"We weren't prepared for the reaction we got," explains Embrace lead singer Ian MacKaye. "I think it's my fault," he adds half seriously. "I think people are sick of me."

With his previous bands, the Teen Idles and particularly Minor Threat, MacKaye became used to being idolized and vilified, so what surprises him about the feedback to his new outfit is that it's muted. Despite some powerful performances and an impressive demo tape, thus far response to the band, which will play at the 9:30 club tomorrow with King Face and Reptile House, has been "friendly but not thrilled."

Embrace also includes guitarist Mike Hampton, bassist Chris Bald and drummer Ivor Hanson. All were formerly with Faith, another early 1980s D.C. hard-core punk band, so they're not unknown quantities. But none of them carries the baggage MacKaye does. As lead singer of Minor Threat, one of hard core's most popular bands, and co-owner of the Dischord record label, he has accumulated a reputation as a punk philosopher-king.

MacKaye, a vegetarian who avoids alcohol, tobacco and drugs, publicly exposed his abstentions in a controversial Minor Threat song, "Straight Edge." Amid hard core's anything-goes rebellion, this and other stands attracted both enmity and admiration. More than two years after Minor Threat split, MacKaye is still deluged by mail.

"I get tons and tons of it. It's kind of twisted," says MacKaye, who doesn't exactly cultivate a glamorous persona. (With his close-cropped hair, baggy old clothes and floppy hats, he resembles a Marine recruit on a fishing trip.) "My image has definitely gotten ahead of reality. I don't understand it myself." Fans send their artwork, want advice about disagreements with their girlfriends or ask what to tell friends who drink too much. One particularly intense female follower camped on his front porch for three days, an incident MacKaye calls "the most terrible thing that happened to me in my life."

In his lyrics, MacKaye counsels his listeners to take responsibility for themselves and their friends, and his attitude toward his mail suggests that he takes his own advice seriously. "If they write to me, I'll answer them," he says.

Embrace will hardly make MacKaye less controversial.The new band's lyrics attack drug and alcohol use, and both inner- and outer-directed hostility. With the hard-core scene becoming more factionalized -- and violence between factions not unknown -- MacKaye sings, "No more number one/ We've got to quit that game/ No more attitude/ Give it back to the TV set/ No more tough-guy stance/ I hear your mommy call."

Though MacKaye's distinctive delivery recalls Minor Threat, Embrace doesn't deliver the hyperdrive power chords that characterized both that band and the D.C. hard-core scene. Instrumentally, the sound somewhat resembles that of Rites of Spring, whose debut album was Dischord's premier 1985 release. Both bands retain hard-core's urgency while incorporating melodic harmonies and late-'60s acid-rock guitar strategies.

That partly reflects the tastes of Hampton, who says he listens to the Small Faces, the Who, the Zombies and the Beatles as well as jazz and late-'70s English punk. Like MacKaye, who lists blues, reggae and funk as favorites, none of the band members includes any current hard-core bands among his favorite music.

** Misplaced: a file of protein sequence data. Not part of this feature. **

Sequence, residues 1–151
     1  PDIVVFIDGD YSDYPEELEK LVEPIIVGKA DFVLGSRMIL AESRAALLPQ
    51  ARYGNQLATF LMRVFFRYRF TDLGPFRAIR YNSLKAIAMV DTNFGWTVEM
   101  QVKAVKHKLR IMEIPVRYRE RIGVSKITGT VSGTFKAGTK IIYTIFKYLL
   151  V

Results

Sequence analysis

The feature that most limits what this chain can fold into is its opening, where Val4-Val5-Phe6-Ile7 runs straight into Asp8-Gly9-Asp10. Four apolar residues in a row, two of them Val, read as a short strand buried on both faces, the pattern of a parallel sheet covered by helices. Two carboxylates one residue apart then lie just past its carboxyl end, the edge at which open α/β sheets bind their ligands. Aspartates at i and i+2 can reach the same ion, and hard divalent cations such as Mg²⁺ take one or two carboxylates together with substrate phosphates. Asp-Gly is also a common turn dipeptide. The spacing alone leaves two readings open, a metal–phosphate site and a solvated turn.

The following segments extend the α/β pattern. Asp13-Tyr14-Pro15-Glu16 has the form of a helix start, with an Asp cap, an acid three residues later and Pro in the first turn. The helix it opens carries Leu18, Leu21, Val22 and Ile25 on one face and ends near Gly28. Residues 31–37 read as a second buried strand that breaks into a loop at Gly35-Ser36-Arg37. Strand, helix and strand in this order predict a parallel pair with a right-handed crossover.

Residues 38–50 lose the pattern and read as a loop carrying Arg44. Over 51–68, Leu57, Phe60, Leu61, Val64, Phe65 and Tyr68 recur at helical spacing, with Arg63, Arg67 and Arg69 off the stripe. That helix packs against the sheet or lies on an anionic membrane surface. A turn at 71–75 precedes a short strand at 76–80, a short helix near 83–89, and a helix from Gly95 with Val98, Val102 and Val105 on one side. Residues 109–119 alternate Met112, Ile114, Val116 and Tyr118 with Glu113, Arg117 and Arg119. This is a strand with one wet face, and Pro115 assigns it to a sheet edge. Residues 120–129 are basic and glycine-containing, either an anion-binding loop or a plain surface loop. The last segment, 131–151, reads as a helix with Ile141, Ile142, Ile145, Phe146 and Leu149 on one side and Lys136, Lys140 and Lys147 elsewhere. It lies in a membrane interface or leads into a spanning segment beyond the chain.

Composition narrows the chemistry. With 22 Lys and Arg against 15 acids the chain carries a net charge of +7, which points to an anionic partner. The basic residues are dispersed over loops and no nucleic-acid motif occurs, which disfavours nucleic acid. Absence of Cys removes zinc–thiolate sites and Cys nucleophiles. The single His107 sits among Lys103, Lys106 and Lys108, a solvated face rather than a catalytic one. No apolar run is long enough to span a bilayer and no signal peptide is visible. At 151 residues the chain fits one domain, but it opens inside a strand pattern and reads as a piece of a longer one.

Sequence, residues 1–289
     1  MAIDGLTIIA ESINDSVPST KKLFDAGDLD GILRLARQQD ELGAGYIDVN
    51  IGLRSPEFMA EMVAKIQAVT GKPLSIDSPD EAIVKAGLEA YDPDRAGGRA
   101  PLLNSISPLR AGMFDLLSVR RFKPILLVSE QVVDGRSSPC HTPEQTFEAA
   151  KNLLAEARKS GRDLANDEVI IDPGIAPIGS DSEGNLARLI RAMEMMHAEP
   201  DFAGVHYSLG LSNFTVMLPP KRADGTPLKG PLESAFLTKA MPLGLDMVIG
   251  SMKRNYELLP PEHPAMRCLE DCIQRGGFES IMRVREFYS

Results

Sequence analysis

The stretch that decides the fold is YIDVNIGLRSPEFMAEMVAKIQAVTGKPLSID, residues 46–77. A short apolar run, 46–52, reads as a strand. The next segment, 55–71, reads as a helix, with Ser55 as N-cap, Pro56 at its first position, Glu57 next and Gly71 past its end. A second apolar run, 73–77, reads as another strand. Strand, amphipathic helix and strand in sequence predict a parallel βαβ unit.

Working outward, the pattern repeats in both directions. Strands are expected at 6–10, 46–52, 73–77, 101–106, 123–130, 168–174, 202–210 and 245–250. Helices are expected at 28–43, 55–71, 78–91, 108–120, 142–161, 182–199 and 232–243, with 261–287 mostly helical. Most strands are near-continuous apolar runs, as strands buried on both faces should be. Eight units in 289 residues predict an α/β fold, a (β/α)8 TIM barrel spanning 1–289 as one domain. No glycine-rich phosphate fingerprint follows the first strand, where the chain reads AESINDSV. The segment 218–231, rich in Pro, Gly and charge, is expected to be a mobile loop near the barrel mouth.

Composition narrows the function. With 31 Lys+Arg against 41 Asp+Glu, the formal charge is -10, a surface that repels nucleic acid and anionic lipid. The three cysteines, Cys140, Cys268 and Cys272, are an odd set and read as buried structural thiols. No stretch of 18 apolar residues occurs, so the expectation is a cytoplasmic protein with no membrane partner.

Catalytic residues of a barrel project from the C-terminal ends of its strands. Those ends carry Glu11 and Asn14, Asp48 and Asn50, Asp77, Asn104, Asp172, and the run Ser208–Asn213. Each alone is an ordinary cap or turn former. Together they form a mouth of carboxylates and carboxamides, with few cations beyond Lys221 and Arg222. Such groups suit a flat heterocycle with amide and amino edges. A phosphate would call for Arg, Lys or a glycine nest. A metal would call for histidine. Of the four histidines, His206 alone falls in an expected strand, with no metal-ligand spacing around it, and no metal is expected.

Minor Threat's reputation casts a shadow over not only Embrace but also Dischord; the band remains Dischord's biggest success with the quartet's "Out of Step" "close to 25,000 and still selling." Those sales figures wouldn't impress a major record label, but as MacKaye notes, Minor Threat has outsold some much better publicized D.C. artists who have benefited from big-label promotion efforts. MacKaye doesn't resent that. "We remain underground," he says, "which, for me, is perfect."

MacKaye, who runs the label with Dischord art director and former Minor Threat drummer Jeff Nelson, has no interest in emulating major-label marketing techniques. Dischord does little advertising, avoids press releases and doesn't send promotional copies to most rock critics. "I hate it," he says of such hype. "Even if the record's good, it makes it kind of smell bad." The label is run from a tiny, cluttered room at Dischord House, the dilapidated frame structure in North Arlington that MacKaye shares with Nelson and members of Beefeater, King Face and Rites of Spring, which is now realigning under a new name after its bassist's departure. As many as six Dischord groups have rehearsed at the house during some periods; most of the company's bands are descended from those founded in the early '80s at Wilson High School and Georgetown Day School, and the label is sometimes charged with cliquishness.

MacKaye sees Dischord's role, however, as documenting a particular scene, rather than becoming a national company. "I fully encourage people to start their own labels. That's why we don't put out records by bands from out of town," despite the large number of demo tapes Dischord receives from such bands.

The next two Dischord releases will be from the Snakes, a side project of Hampton and former S.O.A. member Simon Jacobsen, and Dag Nasty, a new band featuring ex-Minor Threater Brian Baker. Beyond that, the possibilities include already-recorded material from Rites of Spring and, of course, an Embrace disc.

Though Embrace is set against hard core's most destructive aspects, the band also remains determinedly out of step with the young achievers typical of the affluent neighborhood where its members grew up. All four are in their early twenties, but only Hampton is enrolled in college, at American University. As MacKaye sings in "Give Me Back": "I still don't want to go where the others went."

Nor do they see rock stardom as a potential career. "It's not just entertainment," MacKaye stresses. "We're deadly serious about making an impact. It's not like a job. But it is fun, or we wouldn't do it.